• 500+ word content: I noticed I’ve been writing blog posts ranging around 250-300 words so I’m changing the habit to writing content at least 500 words. Sure, short content is good but bigger content with more quality is better.
      • Post schedule: Creating a post schedule can be a great for any consistent blogger posting content on time. This habit helps keep me on track of my posts I’ve created like the “Manga Mondays”.
      • Write new content ninety minutes a day: Creating post drafts non-stop for ninety minutes without any distractions has certainly taken me farther than before as a blogger.
  • Scripts
    • Plays
    • TV
    • Movies
    • “Fan-Based”:  Fanfiction in screenwriting form.
  • Time
    • Mornings: As soon as I wake up!
    • Weekends
    • Free time before & after work
  • Journal Time
    • Carry everywhere: To make sure I have done some form of writing, I take my journal with me everywhere just in case I haven’t done so at home.
    • Dream journaling: So far, I’ve written over a thousand dream entries figuring out the dream symbolisms I’ve encountered in my dreamworld.
    • Pour out feels:  Whenever I’m feeling ecstatic or upset about something, pouring these feelings out on paper is best.

Overall, the lesson I’ve picked up from Wassmund’s book is keeping my eyes on the prize. Focus equals tremendous progress! Since reading this book, I’ve made a week trial starting the day with my top three priorities: exercise, writing, and reading. I always do these first before going on Tumblr or checking my e-mail. My habits have changed since I’ve switched my routine.

Thanks, Wasmund!


Have you read this book?

Which productivity books have changed your daily routine?

BOOK REVIEW: “The Magic of Thinking Big” by David J. Schwartz

The Magic of Thinking Big by David J. Schwartz (Amazon) (Goodreads)
  • TitleThe Magic of Thinking Big
  • Author: David J. Schwartz
  • Publication: Touchstone (Oct. 6, 2015) *first published: Apr. 2, 1987*
  • Pages: 320
  • Genre: Self-Help
  • Format: Hardcover
  • Source: Library
  • Rating: 4/5 stars

I’ve certainly felt the magic after reading David Schwartz’s The Magic of Thinking Big. This book contains encouraging messages to smile more, think positive, and focus on success instead of failure.

Fun fact for Georgia natives: the author was a marketing and psychology professor at Georgia State University!

I found Schwartz’s book to be a helpful guide to stop thinking small and receiving lame expectations because of it. It’s one of those books you can read whenever you feel like all hope is lost whether it be your career, relationships, whatever. Schwartz’s offers friendly reminders throughout the book to believe yourself and take action. Everybody needs a little encouragement.  Life can suck sometimes but your thoughts can change that. I believe reality is a projection of our very thoughts. Reading Thinking Big has helped me improve mines.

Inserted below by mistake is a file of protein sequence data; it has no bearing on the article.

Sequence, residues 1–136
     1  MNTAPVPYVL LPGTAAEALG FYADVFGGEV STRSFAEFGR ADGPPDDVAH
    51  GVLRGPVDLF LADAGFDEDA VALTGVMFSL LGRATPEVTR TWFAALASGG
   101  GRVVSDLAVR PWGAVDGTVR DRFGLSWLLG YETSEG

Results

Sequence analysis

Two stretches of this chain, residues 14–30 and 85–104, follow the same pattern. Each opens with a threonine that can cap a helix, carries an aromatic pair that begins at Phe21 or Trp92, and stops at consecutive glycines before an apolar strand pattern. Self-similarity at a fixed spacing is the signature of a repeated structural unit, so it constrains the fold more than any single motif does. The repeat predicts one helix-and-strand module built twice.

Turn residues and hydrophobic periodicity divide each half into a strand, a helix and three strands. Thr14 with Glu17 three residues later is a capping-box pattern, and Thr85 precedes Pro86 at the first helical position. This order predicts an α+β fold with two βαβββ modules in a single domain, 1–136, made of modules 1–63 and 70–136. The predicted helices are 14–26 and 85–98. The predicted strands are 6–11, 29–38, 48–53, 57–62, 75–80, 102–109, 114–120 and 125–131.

Have you read this book? What do you think of it: powerful or slightly cheesy and obvious?

BOOK REVIEW: “The Power of Habit” by Charles Duhigg

The Power of Habit by Charles Duhigg (Amazon) (Goodreads)
  • Title: The Power of Habit
  • Author: Charles Duhigg
  • Publication: Random House (Feb. 28. 2012)
  • Pages: 371
  • Genre: Business, Self-Help
  • Format: Hardcover
  • Source: Library
  • Rating: 4.5/5 stars

I thoroughly understand the basic cycle of habits and how I can modify them thanks to Charles Duhigg’s The Power of Habit. Duhigg explains how habits run over very lives. When we have a desire, we proceed through a repeatable routine until we obtain it. An employee goes through a series a challenging assignments and promotions until the desired top position is fulfilled. A drug addict wants to get high so he takes LSD to achieve it. A bit extreme but it’s another example of a habit.

Duhigg presents real-life narratives and neat visuals how habits work and the changes made for better results. Life is made up of many habits.


A “Habit” Visual (via Goodreads)


The Power of Habit is a highly applicable book. I recommend it for anybody who has any habits to change from”bad” to “ok” to “good” to “better”. Some days, I tend to play video games the first thing in the morning when I could be doing more productive tasks. I could be reading a new book, exercising, or cleaning my room. Nope, I must build a new house and tend to my wheat farm in Minecraft! That counter-productive routine has changed since Duhigg’s book. Now, I reward myself with Minecraft after doing my important duties first.

Thanks Charles Duhigg!

Have you read this book?